Saudi Arabia hopeful ahead of opening Asian Games clash against Iran

Abdulelah Alamri training area of the Asian Games group match against Iran. (SAFF)
Updated 15 August 2018
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Saudi Arabia hopeful ahead of opening Asian Games clash against Iran

  • Young Falcons hopeful of a semifinal spot.
  • Under-23 players keen on making a name for themselves in Indonesia.

JAKARTA: There is a widely held belief that to succeed in sport, you must start early.
Officials from the Saudi Arabia National Olympic Committee will be hoping it rings true this month as the Kingdom’s Under-23 football team prepares to prematurely kick-off its Asian Games campaign this afternoon in Jakarta, three days before the continent’s largest multi-sport competition officially begins.
Similar to the Olympics, the football tournament starts before the opening ceremony and finishes on the competition’s final day, Sept. 2. The fledgling Young Falcons face Iran today at the 28,000-capacity Wibawa Mukti Stadium in the Indonesian capital.
The Saudi NOC have brought a delegation of 169 athletes, including eight females, and will compete across 22 disciplines, including athletics, shooting, taekwondo and volleyball. The three-week Asian Games operate both as a continental precursor and, at times, a qualifying tournament for 2020 Olympics in Tokyo.
The Young Falcons made their football debut at the Asian Games in South Korea four years ago, reaching the quarterfinals in Incheon, before losing to Iraq. Their regional neighbors were inspired by legendary striker Younes Mahmoud, who had been included as one of Iraq’s three over-age players and scored twice in a 3-0 win.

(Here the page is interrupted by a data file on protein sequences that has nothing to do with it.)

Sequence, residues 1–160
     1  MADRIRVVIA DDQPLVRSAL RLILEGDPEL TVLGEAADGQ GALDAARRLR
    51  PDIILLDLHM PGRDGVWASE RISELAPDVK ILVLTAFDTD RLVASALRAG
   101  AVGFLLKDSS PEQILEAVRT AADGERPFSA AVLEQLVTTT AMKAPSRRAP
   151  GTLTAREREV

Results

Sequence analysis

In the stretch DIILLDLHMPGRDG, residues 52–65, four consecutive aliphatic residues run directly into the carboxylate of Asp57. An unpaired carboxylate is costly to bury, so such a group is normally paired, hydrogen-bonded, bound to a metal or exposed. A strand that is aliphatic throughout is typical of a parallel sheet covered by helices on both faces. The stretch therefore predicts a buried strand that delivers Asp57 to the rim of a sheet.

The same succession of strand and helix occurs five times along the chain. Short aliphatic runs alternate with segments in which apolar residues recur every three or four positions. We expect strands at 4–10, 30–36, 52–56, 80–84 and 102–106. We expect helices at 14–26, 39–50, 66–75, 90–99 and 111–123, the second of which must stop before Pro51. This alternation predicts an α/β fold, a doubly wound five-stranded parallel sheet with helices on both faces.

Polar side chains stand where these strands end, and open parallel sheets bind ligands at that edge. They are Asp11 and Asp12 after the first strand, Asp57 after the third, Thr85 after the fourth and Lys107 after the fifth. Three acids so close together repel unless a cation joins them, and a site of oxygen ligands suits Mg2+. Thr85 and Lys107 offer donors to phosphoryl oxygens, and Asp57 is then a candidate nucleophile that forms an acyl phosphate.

Yet the impact of Mahmoud in Korea has not influenced the team’s selection. With the Saudi Pro League starting next week, coach Saad Al-Shehri has opted to forego athletes older than 23, instead selecting a squad consisting primarily of Al-Ahli development players and a smattering of Al-Hilal, Al-Nassr, Al-Ittihad and Al-Ettifaq-based youths.
“We haven’t brought any overage players because we are playing here as preparation for the U23 Asian Cup, which will offer qualification for Tokyo 2020,” said Faisal Almarashdi, a spokesman for the team.
“We have brought to Indonesia only players who are 21 or under as they will all be eligible for Tokyo. Many have already played at the Under-20 World Cup under coach Saad, so there was never any discussion to use the three allocated over-age slots.”
Abdullah Otayf is the model example of how Asian Games experience can help a young career. Four years ago, the deep-lying midfielder was part of the squad that traveled to Korea. This summer he was an integral part of the Green Falcons side that played at the World Cup in Russia. 
With national team coach Juan Antonio Pizzi following the competition from afar, there will be chances to catch the eye for the likes of striker Haroune Camara and midfielders Abdullah Yahya Magrshi and Ali Hassan Al-Asmari ahead of January’s Asian Cup. Both midfielders have already made their full debuts for Ahli and featured in the Jeddah club’s Champions League campaign last season, while Al-Qadisiyah’s Camara was included in Pizzi’s provisional World Cup squad before being cut from the final 23.
“These Asian Games are very important for the young players involved,” Almarashdi added.
“They are the future of the senior team so if they play well here and at the U23 Asian Cup then, we hope, they will go to Tokyo 2020. From then on the pathway to the senior team is already very clear.”